Tuesday, July 24, 2012

A Year of Firsts...and Seconds!

Big Squeeze 2012
By Sarah Rucker
Photos by Michelle Mejia

As I stood in the wings at Miller Outdoor Theatre hearing the name of the 2012 Big Squeeze champion being called, I found myself looking back over the highlights of the last three months.
Rudy Salinas preparing for audition
The search began in February with the first audition in Houston, the city that hosts our Accordion Kings & Queens concert and Big Squeeze finals and is also home to two of our six champions. Our media assistant, Michelle Mejia, and I set off to locally-owned Cactus Music & Record Ranch on Portsmouth. Soon we had some familiar faces arrive to audition and a special performance by a past finalist. 2007 finalist Robert Vega (who can be seen in our documentary) played an electrifying set of “Rockteño” with his band Promesa Mortal who features his sister, Tina Vega on electric bajo sexto, brother on guitar and cousin on drums.

Then in early March it was down to the Rio Grande Valley which has always been a hotbed of great Texas accordion music. Since Michelle and I were tied up with our Board Retreat that weekend we had a good friend organize the audition, 2007 Champion Juan Longoria, Jr.  Hosted by Harlingen Performing Arts Center, this audition made the record for most contestants at a single location. Our friend Mayra Cruz helped wrangle all of the nervous contestants, Juan introduced each one, and his brother Federico Longoria assisted when contestants needed bajo sexto accompaniment.  Then their band Conteño performed. This audition had another special moment and a first for the history of the Big Squeeze contest. Juan’s son, Juan Longoria III, became the first child of a winner to audition for the contest.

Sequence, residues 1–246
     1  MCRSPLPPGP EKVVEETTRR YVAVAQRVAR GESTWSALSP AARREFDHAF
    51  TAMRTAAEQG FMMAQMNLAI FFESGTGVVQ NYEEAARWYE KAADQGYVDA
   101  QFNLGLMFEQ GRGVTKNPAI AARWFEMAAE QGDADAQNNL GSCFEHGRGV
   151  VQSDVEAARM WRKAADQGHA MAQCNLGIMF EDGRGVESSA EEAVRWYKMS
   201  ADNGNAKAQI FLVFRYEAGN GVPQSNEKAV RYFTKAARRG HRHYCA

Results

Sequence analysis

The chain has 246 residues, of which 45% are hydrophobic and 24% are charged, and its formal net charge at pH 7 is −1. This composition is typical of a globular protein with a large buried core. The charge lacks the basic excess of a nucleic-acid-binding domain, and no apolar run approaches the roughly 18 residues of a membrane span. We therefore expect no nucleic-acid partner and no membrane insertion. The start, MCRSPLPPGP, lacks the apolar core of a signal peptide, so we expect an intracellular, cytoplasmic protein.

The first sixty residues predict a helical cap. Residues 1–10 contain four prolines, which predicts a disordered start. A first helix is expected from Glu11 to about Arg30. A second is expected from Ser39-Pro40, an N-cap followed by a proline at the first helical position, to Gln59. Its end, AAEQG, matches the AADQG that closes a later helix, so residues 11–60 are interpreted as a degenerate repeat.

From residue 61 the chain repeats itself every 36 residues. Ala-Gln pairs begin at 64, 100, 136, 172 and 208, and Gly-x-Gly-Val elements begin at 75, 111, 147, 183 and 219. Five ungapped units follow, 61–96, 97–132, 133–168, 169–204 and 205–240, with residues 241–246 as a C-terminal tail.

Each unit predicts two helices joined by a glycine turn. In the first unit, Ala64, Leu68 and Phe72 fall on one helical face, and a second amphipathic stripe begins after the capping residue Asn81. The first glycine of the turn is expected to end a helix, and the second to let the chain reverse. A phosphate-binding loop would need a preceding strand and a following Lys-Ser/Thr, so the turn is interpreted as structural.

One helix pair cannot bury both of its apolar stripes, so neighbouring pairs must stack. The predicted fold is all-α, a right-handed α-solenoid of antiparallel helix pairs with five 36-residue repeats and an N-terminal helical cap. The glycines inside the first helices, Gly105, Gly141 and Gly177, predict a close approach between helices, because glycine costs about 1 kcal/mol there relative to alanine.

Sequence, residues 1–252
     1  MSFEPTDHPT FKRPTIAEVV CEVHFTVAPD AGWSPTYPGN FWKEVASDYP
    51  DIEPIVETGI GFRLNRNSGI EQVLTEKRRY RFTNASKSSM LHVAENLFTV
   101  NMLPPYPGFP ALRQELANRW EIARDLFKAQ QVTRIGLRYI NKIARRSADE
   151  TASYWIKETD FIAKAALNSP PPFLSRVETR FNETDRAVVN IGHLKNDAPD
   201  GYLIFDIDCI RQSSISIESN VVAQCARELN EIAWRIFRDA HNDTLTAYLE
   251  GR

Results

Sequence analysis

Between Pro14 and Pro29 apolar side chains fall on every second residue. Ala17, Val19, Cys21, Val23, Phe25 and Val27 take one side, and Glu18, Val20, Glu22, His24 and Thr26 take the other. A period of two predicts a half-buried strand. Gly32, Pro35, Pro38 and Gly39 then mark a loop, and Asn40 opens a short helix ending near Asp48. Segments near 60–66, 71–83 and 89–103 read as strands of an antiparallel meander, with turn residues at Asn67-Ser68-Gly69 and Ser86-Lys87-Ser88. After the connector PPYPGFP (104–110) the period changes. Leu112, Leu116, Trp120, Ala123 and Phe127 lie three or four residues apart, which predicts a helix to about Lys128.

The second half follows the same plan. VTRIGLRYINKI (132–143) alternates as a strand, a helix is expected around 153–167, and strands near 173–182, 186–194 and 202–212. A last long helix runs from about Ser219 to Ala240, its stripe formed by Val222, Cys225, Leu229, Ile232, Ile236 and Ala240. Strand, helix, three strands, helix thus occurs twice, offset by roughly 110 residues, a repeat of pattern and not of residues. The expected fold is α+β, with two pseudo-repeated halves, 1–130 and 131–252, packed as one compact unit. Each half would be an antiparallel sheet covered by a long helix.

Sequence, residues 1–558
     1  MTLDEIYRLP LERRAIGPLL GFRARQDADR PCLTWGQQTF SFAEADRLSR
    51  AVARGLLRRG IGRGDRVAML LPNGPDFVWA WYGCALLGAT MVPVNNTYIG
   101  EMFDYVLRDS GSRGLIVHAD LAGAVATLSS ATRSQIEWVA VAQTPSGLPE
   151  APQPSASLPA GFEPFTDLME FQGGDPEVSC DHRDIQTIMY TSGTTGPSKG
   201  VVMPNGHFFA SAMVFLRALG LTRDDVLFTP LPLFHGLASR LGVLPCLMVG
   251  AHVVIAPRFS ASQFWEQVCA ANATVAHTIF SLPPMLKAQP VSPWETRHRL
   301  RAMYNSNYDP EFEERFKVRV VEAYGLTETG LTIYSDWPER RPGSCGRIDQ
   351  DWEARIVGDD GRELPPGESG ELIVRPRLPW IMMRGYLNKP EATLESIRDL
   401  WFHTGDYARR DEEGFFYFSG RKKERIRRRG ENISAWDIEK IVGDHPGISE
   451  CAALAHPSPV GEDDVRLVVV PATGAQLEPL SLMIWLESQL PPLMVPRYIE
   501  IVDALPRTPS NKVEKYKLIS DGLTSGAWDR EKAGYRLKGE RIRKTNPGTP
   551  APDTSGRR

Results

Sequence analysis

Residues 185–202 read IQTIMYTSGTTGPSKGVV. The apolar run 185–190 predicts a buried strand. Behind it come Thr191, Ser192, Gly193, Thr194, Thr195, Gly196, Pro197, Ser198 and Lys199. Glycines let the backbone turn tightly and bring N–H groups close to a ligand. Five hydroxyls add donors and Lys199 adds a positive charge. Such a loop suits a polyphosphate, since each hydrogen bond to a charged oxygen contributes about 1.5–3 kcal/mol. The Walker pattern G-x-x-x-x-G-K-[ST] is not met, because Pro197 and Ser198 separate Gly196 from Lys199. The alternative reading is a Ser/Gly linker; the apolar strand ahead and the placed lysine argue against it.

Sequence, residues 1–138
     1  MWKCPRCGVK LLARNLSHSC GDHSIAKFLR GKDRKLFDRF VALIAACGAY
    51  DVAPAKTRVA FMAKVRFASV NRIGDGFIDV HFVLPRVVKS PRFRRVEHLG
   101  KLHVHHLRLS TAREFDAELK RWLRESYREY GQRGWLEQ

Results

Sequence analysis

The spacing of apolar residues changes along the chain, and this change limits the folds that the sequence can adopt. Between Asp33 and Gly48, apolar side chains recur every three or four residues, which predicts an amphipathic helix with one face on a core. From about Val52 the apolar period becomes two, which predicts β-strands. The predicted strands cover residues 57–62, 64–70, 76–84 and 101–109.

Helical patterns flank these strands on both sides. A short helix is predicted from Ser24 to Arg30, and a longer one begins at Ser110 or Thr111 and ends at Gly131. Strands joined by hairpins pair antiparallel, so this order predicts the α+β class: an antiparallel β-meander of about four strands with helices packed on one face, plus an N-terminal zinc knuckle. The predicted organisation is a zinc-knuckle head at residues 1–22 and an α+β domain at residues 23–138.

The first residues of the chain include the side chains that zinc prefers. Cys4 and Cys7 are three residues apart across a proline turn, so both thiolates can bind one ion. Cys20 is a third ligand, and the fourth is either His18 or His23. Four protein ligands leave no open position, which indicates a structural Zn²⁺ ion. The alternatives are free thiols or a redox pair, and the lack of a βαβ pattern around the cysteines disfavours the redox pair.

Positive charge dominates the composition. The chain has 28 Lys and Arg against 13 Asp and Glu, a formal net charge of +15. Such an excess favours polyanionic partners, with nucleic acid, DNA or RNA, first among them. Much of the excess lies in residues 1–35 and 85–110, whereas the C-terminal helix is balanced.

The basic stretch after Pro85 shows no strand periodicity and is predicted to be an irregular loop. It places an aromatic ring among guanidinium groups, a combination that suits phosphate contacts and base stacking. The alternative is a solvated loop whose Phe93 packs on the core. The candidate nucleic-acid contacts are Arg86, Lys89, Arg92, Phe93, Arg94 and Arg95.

Los Texmaniacs with Robert Casillas